The less you say, the less risk you run of saying something foolish, even dangerous. In 1825, a new czar, Nicholas I, ascended the throne of Russia.
A rebellion immediately broke out, led by liberals demanding that the country modernize–that its industries and civil structures catch up with the rest of Europe.
Brutally crushing this rebellion, Nicholas I sentenced one of its leaders, Kondraty Ryleyev, to death.
On the day of execution, Ryleyev stood on the gallows, the noose around his neck. The trapdoor opened but as Ryleyev dangled, the rope broke, dashing him to the ground.
At the time, events like this were considered signs of providence or heavenly will, and a man saved from execution this way was usually pardoned.
As Ryleyev got to his feet, bruised and dirtied but believing his neck had been saved, he called out to the crowd, “You see, in Russia they don’t know how to do anything properly, not even how to make rope!”
A messenger immediately went to the Winter Palace with news of the failed hanging. Vexed by this disappointing turnabout, Nicholas I nevertheless began to sign the pardon.
But then: “Did Ryleyev say anything after this miracle?” the czar asked the messenger. “Sir, the messenger replied, “he said that in Russia they don’t even know how to make rope.”
“In that case,” said the Czar, “let us prove the contrary,” and he tore the pardon. The next day Ryleyev was hanged again. This time the rope did not break.
Learn the lesson: Once the words are out, you cannot take them back. The momentary satisfaction you gain with your biting words will be outweighed by the price you pay.
The foregoing story titled, “Always say less than necessary” was lifted from chapter four of Robert Greene’s “48 Laws of Power”.
It is one lesson that many Nigerian politicians have refused to learn to our collective detriment.
Anytime there is a crisis, without even interrogating what the issues are, many of them would take to the media in a bid to outshout the other; not necessarily because they care for the victims but essentially just to score cheap political points.
The danger is that their biting words, which in most cases earn them the applause of an unreflective mob, have contributed to the spiral of violence that now defines the current season in Nigeria.
It is in that context that I want to commend the Governor of Osun State, Ogbeni Rauf Aregbesola, for the maturity with which he has handled the tragedy at Ile-Ife, despite provocations from two sides:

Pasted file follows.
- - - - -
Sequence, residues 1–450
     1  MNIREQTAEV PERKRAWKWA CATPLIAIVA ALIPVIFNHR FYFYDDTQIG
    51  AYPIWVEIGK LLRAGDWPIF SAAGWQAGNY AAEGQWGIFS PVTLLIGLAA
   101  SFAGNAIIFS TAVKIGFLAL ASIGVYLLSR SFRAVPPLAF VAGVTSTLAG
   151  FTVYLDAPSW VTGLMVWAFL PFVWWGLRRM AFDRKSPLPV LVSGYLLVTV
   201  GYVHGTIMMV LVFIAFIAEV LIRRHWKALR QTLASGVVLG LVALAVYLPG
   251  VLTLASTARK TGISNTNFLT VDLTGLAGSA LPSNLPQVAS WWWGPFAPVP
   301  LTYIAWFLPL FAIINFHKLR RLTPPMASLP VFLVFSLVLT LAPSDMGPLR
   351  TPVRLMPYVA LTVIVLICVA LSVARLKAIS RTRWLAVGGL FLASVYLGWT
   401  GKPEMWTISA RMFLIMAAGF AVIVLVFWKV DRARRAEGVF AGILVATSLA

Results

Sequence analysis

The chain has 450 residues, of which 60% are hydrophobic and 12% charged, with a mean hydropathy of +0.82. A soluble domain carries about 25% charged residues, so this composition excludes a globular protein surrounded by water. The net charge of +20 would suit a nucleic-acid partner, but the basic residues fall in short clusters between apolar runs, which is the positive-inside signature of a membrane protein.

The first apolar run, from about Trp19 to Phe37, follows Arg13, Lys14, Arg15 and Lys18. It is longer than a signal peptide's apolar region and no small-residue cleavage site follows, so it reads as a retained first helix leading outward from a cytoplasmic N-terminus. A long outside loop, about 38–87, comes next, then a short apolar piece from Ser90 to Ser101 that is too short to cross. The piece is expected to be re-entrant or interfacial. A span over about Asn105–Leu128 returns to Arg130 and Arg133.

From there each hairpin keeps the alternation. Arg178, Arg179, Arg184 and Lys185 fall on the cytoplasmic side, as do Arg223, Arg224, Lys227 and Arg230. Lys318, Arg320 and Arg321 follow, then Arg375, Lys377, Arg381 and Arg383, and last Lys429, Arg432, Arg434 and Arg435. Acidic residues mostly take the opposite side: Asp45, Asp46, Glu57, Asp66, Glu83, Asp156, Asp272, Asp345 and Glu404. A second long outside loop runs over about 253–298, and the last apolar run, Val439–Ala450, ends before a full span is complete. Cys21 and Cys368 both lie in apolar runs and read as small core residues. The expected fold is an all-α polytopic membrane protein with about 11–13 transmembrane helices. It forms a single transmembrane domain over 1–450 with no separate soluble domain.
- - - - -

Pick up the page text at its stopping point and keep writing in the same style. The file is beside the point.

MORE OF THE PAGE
One, a section of the Yoruba establishment that was goading him into making inflammatory statements that could have resulted in reprisal killings;
Two, reckless officials of the federal government, including the Police, who have evidently taken sides, given their sectional actions and irresponsible utterances.
Notwithstanding the much known Ife-Modakeke palaver that has given the town notoriety, there is something about Ife that is unique. It is a town that when people visit, they hardly want to leave.
The University may have a lot to do with that.
In all the years that I have known him, for instance, whenever Harvard University Professor, Jacob Olupona says he was going home, it isn’t to Ute in Ondo State (where his parents hailed from), it is to Ile-Ife where he built his country home.
My friend and former classmate, Charles Ukeje, now a Professor in our Department (International Relations) at Obafemi Awolowo University arrived Ife with his Igbo parents when he was only three years old.
Today, Charles not only speaks better Yoruba than me, he can also speak in Ife dialect, the town where he has built his home.
In his piece last Saturday, Chief Dele Momodu (Bob Dee) wrote about the allure of Ife and the generations of people from other cultures and ethnic groups that have found home within the community.
So, the tragedy at Sabo is not about Hausa-Fulani “invaders” coming to disturb the peace of Ife; it is about the travails of a people that have domiciled within the community over many generations and have been so accepted that Ife is the only place they know as home.
On Monday, Governor Aregbesola inaugurated a six-man committee with a strong emphasis that it was “not an inter-ethnic, inter-religious or inter-regional conflict by any stretch of the imagination.
It was just an ugly development, a breach of public peace, masterminded by hoodlums and criminals resulting to loss of lives and property”.
He went even further: “While not denying the political and economic roots of conflicts in our land, every infraction of the law is primarily a law and order matter.
“Even while we seek political solutions to a problem, the first line of approach is law enforcement…
“Some people, for reasons best known to them, might decide to fan the embers of discord, division, even separation and incite one group against another, with a false narrative of Yoruba-Hausa conflict and call to arms.